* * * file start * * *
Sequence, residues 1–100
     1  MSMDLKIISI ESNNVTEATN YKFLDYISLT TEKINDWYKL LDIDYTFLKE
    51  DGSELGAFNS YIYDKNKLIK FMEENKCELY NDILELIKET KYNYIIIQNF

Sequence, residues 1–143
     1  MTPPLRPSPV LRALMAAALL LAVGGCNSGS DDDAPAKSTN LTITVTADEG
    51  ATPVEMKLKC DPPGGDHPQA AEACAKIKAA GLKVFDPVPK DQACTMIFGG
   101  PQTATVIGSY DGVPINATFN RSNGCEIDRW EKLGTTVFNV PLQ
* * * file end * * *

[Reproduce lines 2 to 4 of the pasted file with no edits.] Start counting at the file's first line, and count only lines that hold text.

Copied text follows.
     1  MSMDLKIISI ESNNVTEATN YKFLDYISLT TEKINDWYKL LDIDYTFLKE
    51  DGSELGAFNS YIYDKNKLIK FMEENKCELY NDILELIKET KYNYIIIQNF

Sequence, residues 1–143